I thought – no fucking way. If I’m going to put in the effort I’m going to run the fraternity. I had the experience and leadership skills. It was go big or go home. I prepared this time. I prepared and practiced my speech. It was an emotional one. I talked in themes. I talked about how all of my peers kept saying, “The fraternity had changed, it’s not what it used to be when Dave Friend was a leader. When Robertson was president. When Stedman ran the pledge class. It was going down hill.”


“Of course we’re not going down hill.  Don’t you see that when we were young those leaders thought the fraternity had changed from the days when their elders were running it? Don’t you get it? It’s now us. They are we. It’s time for us to step up and assume the mantle. It’s time for us to honor their traditions and make new ones.

There is a generation of young Phi’s who are looking up to us. This fraternity is as great as the day I joined it. Better. And my presidency will be about upholding all that our elders entrusted in us when they selected us to join Phi Delta Theta.”

The big question was which of the two of us would be in a run off since with 3 qualified candidates nobody would be able to secure the 50% + 1 required to win the candidacy outright.

Except that I did. I won in a landslide with no runoff required. I was no better than they were (in fact, Rick succeeded me as president). But by then I understood the power of the narrative to prove a point and persuade a crowd.

And I hope that this narrative will help reinforce the point for you. Whether you’re presenting to a small group of people or a large audience your presentation must have a narrative to effectively get your points across. 2 hours after you’ve left the room the people you met will already have forgotten much of the details. Yet if you’ve painted enough of a picture, if you’ve used enough analogies, if your story is cohesive and has themes then people will remember the general sense of the points you wanted to make.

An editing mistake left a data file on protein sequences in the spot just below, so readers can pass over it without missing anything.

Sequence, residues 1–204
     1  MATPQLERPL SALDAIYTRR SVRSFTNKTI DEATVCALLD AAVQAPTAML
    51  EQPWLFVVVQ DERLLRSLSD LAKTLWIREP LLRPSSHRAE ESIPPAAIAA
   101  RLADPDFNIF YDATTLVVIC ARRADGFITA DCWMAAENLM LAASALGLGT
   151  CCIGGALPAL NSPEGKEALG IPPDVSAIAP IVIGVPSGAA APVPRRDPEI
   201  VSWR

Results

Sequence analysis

So some quick guides although building a narrative is a very hard thing to teach (at least for me). I talked specifically about it in the context of raising VC / establishing credibility over on the Sales School blog where there’s a video & a transcript. They’re going t0 publish all 4 parts of my talk. Today is the only day I’ll be linking so if you’re interested make sure to check back there.

Below are some separate thoughts.

1. Have a thesis from which to build your story – If you don’t start by knowing what the central point(s) you’re trying to make are then you can’t construct a storyline that supports them. For today’s post, for example, my thesis was that story telling and narrative are some of the most important tools you can use for persuasion in meetings, to connect with an audience and to ensure that recipients retain the knowledge you present. My story was to tell the example of Gregory’s speech and my subsequent one. I hope that this story of loss, set back, reflection and ultimately triumph will help you remember the importance of the narrative.

2. Have supporting evidence -You can’t just tell a story in business. That’s for theater. You need facts that support your storyline. In any great argument you have the central thesis and then 3+ supportive facts that build the story out from the thesis. Think of it this way: assertion, proof point, proof point, proof point. If you want to make a second assertion you follow it up with more supporting evidence.